In 2014, the Northern Territory Public Sector (NTPS) published Broadening Our Horizons: Avenues for Career Mobility, a report highlighting the drive for a more mobile and responsive workforce.

The report states: “The greater the fluidity between workplaces, the higher the regard for the organisation. Greater mobility has the potential to act as a vehicle for professional development and an opportunity to exchange ideas and better practice approaches.”

The Northern Territory Government identifies clear benefits of workplace mobility for both employees and the public sector.

Mobility offers staff members the opportunity to:
  • Gain valuable experience of other roles.
  • Develop potential leadership skills.
  • Tackle role swaps and new challenges.
  • Gain wider understanding of the public service.
  • Grow professional networks.
  • Discover alternative career options within the sector.
  • Work within universities, aid organisations, internationally or interstate.

The advantages of mobility for the organisation include:
  • Reduction in staff turnover costs. Council for Equal Opportunity in Employment claims turnover costs range from 50% to 130% of an incumbent’s salary, as cited in the NTPS report.
  • Increased staff loyalty due to more flexible and rewarding job options and conditions.
  • Retention of highly skilled and valuable employees.
  • Preparation of staff for leadership positions.
  • Greater sharing and exchange of information and ideas across the sector.
  • Better communication and relationships between Government agencies.

The NTPS identifies an ageing population, Millennial demands for flexible working and people seeking a healthier work-life balance as the main drivers of workplace reform.

Official figures show mobility is trending

While it’s early days in the push for ongoing flexibility and innovation, Australian public sector statistics are moving in the right direction.

A look at the APS Statistical Bulletin for 2015-16 shows a distinct trend towards more highly skilled workers and mobility across Australian Public Service Commission agencies.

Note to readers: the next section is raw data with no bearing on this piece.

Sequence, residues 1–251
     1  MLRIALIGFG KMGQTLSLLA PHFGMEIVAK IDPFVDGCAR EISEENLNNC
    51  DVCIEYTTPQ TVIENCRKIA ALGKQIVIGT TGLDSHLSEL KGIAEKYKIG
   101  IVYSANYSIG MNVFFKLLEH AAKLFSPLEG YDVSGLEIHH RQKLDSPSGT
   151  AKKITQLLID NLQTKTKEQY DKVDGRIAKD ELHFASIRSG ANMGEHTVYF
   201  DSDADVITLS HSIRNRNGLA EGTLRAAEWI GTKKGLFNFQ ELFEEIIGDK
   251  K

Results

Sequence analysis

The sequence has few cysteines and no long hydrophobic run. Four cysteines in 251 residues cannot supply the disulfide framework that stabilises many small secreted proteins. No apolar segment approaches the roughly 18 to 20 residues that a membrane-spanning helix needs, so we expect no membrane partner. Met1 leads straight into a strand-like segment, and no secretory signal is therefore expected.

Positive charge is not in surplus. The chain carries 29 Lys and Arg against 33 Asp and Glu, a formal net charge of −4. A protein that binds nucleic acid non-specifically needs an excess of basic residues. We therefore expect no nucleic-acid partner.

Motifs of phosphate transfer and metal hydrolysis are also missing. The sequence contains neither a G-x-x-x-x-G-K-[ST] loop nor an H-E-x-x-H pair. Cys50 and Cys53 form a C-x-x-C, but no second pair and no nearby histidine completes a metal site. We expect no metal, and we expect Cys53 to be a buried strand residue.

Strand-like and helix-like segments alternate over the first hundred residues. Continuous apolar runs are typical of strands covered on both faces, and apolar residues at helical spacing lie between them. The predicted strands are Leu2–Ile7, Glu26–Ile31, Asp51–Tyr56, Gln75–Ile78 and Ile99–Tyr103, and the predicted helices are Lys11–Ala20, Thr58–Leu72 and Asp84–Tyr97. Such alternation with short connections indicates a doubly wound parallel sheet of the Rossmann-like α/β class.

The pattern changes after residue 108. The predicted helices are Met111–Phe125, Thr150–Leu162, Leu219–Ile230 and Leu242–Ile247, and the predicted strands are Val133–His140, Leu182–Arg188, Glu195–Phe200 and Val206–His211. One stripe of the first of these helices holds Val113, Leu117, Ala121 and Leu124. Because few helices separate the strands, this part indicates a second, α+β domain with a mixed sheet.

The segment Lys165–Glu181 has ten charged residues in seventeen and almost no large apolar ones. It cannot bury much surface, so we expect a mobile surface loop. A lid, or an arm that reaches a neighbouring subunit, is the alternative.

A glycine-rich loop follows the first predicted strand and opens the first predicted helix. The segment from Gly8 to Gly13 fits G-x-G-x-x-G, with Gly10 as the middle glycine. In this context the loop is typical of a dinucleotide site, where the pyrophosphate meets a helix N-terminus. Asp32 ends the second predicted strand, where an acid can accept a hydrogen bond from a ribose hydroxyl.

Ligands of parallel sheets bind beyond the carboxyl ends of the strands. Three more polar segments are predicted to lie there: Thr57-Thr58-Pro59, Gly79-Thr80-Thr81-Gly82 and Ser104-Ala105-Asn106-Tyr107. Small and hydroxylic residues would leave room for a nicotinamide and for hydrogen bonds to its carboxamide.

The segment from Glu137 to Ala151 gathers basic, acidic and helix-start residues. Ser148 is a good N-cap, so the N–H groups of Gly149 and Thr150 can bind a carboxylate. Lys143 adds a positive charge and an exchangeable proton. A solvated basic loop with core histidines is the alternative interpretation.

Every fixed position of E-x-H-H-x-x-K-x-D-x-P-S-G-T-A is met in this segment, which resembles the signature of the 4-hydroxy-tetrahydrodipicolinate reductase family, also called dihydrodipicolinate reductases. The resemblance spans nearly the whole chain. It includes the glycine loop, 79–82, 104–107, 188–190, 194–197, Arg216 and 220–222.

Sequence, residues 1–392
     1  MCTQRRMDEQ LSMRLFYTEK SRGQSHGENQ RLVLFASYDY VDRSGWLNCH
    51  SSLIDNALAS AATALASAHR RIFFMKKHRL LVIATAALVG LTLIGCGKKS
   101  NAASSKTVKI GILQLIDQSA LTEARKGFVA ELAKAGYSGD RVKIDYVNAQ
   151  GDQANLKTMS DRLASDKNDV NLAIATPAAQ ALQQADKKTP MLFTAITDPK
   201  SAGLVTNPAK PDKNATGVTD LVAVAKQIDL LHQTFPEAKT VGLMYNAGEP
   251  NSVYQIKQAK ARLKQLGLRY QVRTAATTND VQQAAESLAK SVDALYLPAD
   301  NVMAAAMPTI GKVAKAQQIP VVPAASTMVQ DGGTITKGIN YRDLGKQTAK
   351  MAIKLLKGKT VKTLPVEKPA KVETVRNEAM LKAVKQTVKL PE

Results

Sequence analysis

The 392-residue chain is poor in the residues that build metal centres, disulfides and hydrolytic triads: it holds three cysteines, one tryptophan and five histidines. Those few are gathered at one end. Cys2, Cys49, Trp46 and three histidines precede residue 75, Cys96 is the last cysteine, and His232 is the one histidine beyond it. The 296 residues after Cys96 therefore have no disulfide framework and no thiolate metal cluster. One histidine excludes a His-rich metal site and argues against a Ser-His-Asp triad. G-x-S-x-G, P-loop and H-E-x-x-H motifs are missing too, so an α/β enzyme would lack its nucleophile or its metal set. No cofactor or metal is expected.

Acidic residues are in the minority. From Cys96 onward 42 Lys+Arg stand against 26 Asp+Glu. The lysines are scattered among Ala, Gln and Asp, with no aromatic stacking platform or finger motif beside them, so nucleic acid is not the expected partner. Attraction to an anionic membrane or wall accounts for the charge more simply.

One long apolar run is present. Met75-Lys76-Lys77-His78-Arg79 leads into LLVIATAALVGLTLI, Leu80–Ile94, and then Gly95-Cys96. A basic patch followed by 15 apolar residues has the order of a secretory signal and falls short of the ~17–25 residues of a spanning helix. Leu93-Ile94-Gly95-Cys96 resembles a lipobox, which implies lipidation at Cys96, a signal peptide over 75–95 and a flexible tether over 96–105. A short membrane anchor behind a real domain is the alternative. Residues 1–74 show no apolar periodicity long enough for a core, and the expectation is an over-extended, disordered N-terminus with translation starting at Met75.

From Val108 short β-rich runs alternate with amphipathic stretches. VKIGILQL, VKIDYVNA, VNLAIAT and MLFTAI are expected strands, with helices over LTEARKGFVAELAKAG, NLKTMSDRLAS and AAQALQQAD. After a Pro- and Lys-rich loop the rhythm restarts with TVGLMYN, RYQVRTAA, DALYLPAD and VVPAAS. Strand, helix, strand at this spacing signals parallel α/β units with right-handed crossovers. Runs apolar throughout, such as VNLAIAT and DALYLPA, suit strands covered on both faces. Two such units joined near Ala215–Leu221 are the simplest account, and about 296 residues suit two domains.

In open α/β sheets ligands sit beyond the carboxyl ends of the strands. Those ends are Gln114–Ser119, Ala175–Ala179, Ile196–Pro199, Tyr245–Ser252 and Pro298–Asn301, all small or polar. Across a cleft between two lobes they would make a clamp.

Over the past 15 years, figures show a strong, consistent shift towards a more skilled-up workforce undertaking roles which are growing more demanding and complex.

Along with a decline in the proportion of employees in low level jobs ranked APS 1-2 (down 5.8%) and APS 3-4 (down 5.1%), workers in APS classifications 5-6 increased by 4.7% and Executive Level ranks rose by 5.8%.

Regarding mobility:
  • Overall mobility of staff between APS agencies rose from 1.6% in 2014-15 to 2.4% in 2015-16.
  • Transfer rate increased from 1.3% to 1.6% during that financial year, while promotion rate rose from 0.4% to 0.8%.
  • Mobility has consistently been higher for women than for men, possibly tying in with Bain & Company research showing that women gain more benefit than men from flexible work conditions in Australia. The mobility rate for women rose from 1.8% in 2014-15 to 2.6% in 2015-16.
  • The mobility rate for men did, however, increase from 1.3% in 2014-15 to 2.2% in 2015-16.
  • In general, mobility between APS agencies is higher in senior management and executive level jobs. Mobility in SES (Senior Executive Service) jobs reached 7.7 % in 2015-16.

While there’s still a way to go, Australia’s public sector is exploring and implementing a wealth of ways to achieve optimum workforce mobility.

About Brian Kelly